LEON BYNER: The Shadow Parliamentary Secretary for the Murray Darling Basin is Simon Birmingham. Simon, where do you think South Australia stands in this horse trade that’s going on at the moment?
SIMON BIRMINGHAM: Well good morning, Leon and listeners, and look, I’m pleased to hear Quentin [Grafton, Director, Centre for Water Economics, Environment and Policy, Crawford School of Economics and Government, Australian National University] providing some reassurance because I think that is necessary given some of the scare campaign on the front page of The Advertiser and elsewhere. I think as we move into whoever forms a government, we need to recognise that the Water Act is already in place, it was passed in 2007 by the Howard Government, it requires that the independent Authority develop a sustainable Basin Plan and to change that requirement would of course require a change to the Water Act, and that would require the agreement of both Houses of Parliament and the reality is that’s looking like it could be a difficult thing for whoever forms government, so we need to recognise that the Water Act is there, the sustainable Plan has to be developed under that Act, the Coalition’s committed to doing so as part of our policy, it remains our policy, I’ve not heard the Independents raise concerns to the contrary, and indeed I would hope that they would see our policy, which also focuses on investing the money and spending the money that’s been put aside to support farmers and irrigators to make a transition to maintain food production in Australia while getting environmental sustainability, is the right mix for the future, it secures the Murray and secures food production.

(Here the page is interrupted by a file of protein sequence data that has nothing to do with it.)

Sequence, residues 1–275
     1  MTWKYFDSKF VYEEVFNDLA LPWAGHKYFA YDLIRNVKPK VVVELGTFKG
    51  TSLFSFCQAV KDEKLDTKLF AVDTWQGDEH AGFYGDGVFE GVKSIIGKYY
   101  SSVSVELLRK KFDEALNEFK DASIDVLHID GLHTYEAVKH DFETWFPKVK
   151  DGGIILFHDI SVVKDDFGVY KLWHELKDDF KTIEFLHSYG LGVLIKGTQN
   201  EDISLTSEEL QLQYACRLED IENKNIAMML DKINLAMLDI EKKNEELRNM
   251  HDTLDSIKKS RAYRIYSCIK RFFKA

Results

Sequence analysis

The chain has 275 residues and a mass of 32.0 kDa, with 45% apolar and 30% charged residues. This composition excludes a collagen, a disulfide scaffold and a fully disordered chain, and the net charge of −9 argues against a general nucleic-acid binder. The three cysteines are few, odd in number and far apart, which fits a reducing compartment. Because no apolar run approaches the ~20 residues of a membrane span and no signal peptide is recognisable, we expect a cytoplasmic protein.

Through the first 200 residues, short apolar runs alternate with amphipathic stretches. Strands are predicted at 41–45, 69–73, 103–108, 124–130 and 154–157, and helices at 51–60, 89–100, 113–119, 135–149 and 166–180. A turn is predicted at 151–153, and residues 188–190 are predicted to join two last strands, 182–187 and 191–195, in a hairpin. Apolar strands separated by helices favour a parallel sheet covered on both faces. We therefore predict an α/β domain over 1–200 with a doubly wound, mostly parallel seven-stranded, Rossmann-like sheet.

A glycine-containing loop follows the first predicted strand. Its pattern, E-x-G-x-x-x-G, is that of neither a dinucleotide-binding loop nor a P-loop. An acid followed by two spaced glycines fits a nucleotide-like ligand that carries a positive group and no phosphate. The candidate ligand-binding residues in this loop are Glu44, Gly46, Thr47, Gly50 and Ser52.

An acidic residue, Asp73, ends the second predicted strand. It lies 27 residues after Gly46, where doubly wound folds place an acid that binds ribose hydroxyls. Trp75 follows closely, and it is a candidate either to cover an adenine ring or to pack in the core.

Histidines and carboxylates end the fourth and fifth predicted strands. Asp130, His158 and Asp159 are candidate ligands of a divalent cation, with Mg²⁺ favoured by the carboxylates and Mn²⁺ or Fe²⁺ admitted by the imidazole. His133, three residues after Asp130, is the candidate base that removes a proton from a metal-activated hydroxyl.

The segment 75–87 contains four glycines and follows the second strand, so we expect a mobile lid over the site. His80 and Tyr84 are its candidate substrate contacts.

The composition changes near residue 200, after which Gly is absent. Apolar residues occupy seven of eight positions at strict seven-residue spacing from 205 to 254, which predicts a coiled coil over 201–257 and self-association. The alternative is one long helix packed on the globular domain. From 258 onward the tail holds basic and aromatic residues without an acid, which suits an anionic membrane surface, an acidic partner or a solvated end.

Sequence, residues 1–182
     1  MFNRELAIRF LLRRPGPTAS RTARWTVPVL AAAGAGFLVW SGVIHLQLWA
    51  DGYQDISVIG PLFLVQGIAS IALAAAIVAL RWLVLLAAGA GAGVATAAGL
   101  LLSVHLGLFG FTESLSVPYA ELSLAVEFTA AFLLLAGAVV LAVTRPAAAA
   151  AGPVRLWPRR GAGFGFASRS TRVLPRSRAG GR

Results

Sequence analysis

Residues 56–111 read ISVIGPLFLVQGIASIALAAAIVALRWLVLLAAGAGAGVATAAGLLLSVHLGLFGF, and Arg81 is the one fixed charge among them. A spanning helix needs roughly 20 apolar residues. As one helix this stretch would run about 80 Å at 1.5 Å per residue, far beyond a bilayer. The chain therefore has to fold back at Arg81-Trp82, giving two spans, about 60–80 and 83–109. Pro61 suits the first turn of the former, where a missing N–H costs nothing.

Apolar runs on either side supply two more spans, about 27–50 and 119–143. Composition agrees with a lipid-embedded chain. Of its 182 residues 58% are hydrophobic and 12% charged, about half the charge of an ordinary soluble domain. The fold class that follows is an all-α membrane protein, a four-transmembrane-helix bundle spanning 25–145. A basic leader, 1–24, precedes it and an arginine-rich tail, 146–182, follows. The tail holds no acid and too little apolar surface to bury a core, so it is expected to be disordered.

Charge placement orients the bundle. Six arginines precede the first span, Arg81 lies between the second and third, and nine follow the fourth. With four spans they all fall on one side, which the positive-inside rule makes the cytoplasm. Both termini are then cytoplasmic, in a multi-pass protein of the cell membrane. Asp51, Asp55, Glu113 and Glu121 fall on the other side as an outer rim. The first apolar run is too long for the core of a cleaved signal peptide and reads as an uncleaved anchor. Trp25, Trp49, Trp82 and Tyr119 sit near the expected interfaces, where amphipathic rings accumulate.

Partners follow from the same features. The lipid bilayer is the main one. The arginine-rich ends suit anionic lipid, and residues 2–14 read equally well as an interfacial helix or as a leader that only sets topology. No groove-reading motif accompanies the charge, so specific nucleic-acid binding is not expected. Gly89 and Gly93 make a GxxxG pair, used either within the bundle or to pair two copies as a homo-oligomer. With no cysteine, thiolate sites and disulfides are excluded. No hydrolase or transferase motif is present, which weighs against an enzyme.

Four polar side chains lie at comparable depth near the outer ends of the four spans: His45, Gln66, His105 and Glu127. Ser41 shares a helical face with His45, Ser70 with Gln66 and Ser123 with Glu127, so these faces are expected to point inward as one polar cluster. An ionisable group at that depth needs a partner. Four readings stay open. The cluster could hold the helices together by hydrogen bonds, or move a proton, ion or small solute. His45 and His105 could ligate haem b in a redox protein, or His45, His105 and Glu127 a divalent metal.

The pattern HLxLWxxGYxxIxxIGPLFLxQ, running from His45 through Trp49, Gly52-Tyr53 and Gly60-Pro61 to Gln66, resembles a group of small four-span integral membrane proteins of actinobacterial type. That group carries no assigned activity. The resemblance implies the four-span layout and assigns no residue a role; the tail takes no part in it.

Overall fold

LEON BYNER:  So, Simon, are you telling us that no matter who ends up doing a deal with the Independents, South Australia will still be treated fairly in terms of water?
SIMON BIRMINGHAM: Well, I think in terms of the long-term issues around the development of the Murray Darling Basin Plan, we have to acknowledge the Water Act requires this Basin Plan to be developed …
SIMON BIRMINGHAM: … we have committed to release this draft Plan within two weeks of taking office if we manage to form a government, I’m sure we will honour that commitment and indeed we’ve committed to the long-term fix for the Murray and I am confident that we will honour that commitment. In addition, we’ve committed to some short-term pain relief by putting … some fresh water into the Lower Lakes and the Coorong this year, which Labor did not commit to … there’s some extras I think that the Coalition offered, that Labor didn’t but I am hopeful that South Australia’s position and certainly Christopher Pyne is up in Canberra with Tony Abbott at present, we are right in there, in the discussions and I know that he and the rest of the SA Liberal team would certainly not allow the Murray … to be sold out in discussion.
LEON BYNER: Alright. Simon Birmingham, thank you.